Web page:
This case history involves an electrician who works for a large suburban school district. One winter morning, the electrician received a call from a local school. The caller said a transformer supplying power to three portable classrooms was making a “chattering” noise, as if something were loose inside (see Fig. 1).
Load measurements showed the transformer was heavily loaded, but not overloaded. The loads included lights, electric heat, and a few computers. Most of the load was electric heat, due to cold winter weather.
Because the electrician had arrived near lunchtime and the school had a staggered lunch
schedule, two of the classrooms were unoccupied. A third classroom was occupied and the
teacher was making a presentation with overhead slides.
The electrician returned to the transformer to examine the current waveforms. As he was making measurements, the chattering noise suddenly stopped. The electrician rushed back to the occupied classroom and asked the teacher, “What did you just now turn off?” The teacher pointed to two overhead projectors, which were plugged into the same receptacle.
The electrician connected his current clamp and Fluke 43B to one of the conductors of a split extension cord. Then, he displayed the waveform of current drawn by one of the overhead projectors. The waveform showed half-wave rectification by the projector (see Fig. 2). Fig. 3 is the harmonic spectrum. Testing of other overhead projectors used at the school showed that all of the older units produced the same effect, but the newer units did not.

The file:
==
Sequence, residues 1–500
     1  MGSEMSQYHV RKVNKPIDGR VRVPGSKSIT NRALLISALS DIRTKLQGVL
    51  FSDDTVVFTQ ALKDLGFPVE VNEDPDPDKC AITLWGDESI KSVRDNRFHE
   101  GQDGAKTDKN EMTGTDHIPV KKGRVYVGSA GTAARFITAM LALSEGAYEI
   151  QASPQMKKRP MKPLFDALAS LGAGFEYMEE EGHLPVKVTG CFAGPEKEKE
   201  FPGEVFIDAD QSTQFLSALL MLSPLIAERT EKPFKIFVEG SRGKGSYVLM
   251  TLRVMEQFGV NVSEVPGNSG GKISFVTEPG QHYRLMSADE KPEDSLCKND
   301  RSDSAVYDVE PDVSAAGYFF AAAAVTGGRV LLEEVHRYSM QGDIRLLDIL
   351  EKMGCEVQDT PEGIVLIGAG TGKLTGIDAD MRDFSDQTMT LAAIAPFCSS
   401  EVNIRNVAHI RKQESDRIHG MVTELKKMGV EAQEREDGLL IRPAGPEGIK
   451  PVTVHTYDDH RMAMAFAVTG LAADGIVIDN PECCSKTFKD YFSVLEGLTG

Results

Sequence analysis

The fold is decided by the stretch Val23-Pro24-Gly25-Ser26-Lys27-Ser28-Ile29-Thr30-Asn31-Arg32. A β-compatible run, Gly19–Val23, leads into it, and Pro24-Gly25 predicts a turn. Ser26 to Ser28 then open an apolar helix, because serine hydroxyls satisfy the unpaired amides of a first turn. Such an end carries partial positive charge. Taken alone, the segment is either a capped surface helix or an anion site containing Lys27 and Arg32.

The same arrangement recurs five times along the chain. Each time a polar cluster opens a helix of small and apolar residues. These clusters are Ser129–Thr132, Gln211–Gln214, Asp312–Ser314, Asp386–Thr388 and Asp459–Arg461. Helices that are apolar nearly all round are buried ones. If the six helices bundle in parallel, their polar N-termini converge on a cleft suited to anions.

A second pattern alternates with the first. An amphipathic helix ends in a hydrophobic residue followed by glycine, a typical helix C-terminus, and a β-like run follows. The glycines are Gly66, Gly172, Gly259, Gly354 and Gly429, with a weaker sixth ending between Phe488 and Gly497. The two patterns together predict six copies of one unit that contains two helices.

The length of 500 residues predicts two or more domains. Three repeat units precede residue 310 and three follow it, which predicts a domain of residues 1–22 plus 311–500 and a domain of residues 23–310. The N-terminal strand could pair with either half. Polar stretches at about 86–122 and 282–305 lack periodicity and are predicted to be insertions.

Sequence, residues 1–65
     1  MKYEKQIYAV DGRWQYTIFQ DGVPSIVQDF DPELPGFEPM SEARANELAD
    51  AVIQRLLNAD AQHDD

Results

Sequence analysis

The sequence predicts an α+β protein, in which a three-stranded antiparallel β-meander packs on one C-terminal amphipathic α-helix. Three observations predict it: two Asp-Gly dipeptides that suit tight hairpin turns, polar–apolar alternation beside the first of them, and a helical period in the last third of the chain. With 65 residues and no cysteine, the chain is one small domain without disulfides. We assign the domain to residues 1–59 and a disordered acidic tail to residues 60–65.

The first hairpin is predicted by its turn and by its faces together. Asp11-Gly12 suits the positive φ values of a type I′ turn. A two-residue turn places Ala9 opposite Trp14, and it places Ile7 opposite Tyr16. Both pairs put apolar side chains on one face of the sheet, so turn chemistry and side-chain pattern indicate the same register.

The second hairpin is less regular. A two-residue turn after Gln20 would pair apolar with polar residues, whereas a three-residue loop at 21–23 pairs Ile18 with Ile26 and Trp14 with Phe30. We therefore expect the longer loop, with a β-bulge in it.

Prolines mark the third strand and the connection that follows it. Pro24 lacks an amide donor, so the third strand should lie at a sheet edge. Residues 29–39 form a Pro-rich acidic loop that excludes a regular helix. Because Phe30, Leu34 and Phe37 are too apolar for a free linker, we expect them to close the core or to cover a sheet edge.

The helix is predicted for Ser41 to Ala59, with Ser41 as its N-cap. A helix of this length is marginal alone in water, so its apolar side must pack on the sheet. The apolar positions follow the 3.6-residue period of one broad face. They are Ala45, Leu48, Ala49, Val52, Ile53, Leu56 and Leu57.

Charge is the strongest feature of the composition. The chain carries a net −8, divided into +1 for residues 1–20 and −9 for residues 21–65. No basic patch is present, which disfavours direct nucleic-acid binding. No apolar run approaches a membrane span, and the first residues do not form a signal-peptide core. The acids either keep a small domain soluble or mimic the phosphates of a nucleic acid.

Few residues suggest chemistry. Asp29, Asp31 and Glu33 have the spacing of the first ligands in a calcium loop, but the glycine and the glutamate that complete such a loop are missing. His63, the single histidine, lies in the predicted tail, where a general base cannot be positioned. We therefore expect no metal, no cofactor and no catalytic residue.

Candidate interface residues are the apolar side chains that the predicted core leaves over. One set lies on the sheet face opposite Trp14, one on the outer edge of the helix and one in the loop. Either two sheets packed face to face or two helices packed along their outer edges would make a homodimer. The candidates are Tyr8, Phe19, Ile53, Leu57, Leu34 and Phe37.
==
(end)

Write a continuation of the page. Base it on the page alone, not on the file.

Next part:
Theory and Analysis
Some older electrical devices use half wave rectifiers to reduce power consumption. An example would be an early hair dryer with a “high/low” switch. At low speed, a series diode allows the circuit to draw current on only half of the voltage cycle. At high speed, the switch shorts out the diode — to allow current to flow during the full cycle. These devices wreak havoc on ac power distribution systems, because they generate dc current in the half wave configuration. The dc current will unbalance the magnetic flux in the transformer and push the transformer core into saturation on one half of the current cycle. The process of going in and out of saturation will produce strange noises from the transformer core. The school’s transformer was heavily loaded, which reduced its tolerance for dc current. Compounding the problem, two projectors were connected to the same branch circuit — thereby doubling the amount of dc current.
The electrician considered connecting the projectors on opposite phases so that the dc currents would cancel. But, this would likely prove to be too confusing for the teachers. The real cure was to use only the new overhead projectors that did not have the half wave rectifier circuits.
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